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Fallen Nature, Fallen SelvesEarly Modern French Thought II$
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Michael Moriarty

Print publication date: 2006

Print ISBN-13: 9780199291038

Published to Oxford Scholarship Online: September 2007

DOI: 10.1093/acprof:oso/9780199291038.001.0001

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Original Sin

Original Sin

Chapter:
(p.109) 2 Original Sin
Source:
Fallen Nature, Fallen Selves
Author(s):

Michael Moriarty (Contributor Webpage)

Publisher:
Oxford University Press
DOI:10.1093/acprof:oso/9780199291038.003.0003

The Augustinian theory is contrasted with that of Aquinas, which holds a view of human nature as damaged by the Fall, but not radically perverted, and with the later hypothetical model of a ‘state of pure nature’, as developed by the Spanish theologian Suárez. Seventeenth-century Augustinian accounts are discussed: Senault stresses, like Augustine, that the whole fabric of the world has been corrupted by Adam and Eve’s sin; Pascal focuses on human nature alone, developing a vision of its contradictions, which only the Christian revelation can illuminate; Malebranche seeks to integrate Augustinian theology with Cartesian philosophy, showing how the dualistic mind-body theory can illuminate the enigma of the transmission of original sin from one generation of human beings to the next.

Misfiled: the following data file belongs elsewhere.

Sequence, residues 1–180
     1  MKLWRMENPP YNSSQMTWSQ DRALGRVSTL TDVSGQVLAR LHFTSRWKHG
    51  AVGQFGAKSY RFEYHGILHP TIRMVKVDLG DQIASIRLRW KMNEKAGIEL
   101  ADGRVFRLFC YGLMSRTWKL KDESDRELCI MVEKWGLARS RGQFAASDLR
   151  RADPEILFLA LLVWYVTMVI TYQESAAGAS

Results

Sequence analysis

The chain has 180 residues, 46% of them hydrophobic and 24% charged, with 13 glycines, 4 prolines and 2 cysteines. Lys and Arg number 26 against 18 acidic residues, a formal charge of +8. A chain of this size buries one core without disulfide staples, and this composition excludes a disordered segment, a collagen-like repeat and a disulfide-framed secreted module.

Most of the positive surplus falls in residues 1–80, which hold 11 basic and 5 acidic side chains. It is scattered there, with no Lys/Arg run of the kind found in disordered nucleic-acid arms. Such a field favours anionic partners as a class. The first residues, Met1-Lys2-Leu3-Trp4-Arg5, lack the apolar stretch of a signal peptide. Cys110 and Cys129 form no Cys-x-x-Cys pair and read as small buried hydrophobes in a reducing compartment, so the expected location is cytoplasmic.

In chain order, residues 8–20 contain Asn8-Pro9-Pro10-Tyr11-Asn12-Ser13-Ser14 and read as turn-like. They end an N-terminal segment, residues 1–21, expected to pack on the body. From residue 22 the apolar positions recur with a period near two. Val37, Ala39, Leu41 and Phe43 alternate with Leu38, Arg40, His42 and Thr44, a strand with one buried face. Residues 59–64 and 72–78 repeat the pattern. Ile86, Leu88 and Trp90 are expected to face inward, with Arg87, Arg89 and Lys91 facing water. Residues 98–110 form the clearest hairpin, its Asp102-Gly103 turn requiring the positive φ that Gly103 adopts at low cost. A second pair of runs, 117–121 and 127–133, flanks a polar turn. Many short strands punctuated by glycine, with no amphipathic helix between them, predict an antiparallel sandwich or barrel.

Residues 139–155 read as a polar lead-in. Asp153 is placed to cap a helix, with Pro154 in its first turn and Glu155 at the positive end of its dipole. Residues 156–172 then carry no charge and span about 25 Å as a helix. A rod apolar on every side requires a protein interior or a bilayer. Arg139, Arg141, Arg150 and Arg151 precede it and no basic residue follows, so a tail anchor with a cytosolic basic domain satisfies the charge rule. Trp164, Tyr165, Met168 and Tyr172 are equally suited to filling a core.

Keywords:   Augustine, Jansenius, Aquinas, Suárez, Senault, Pascal, Malebranche

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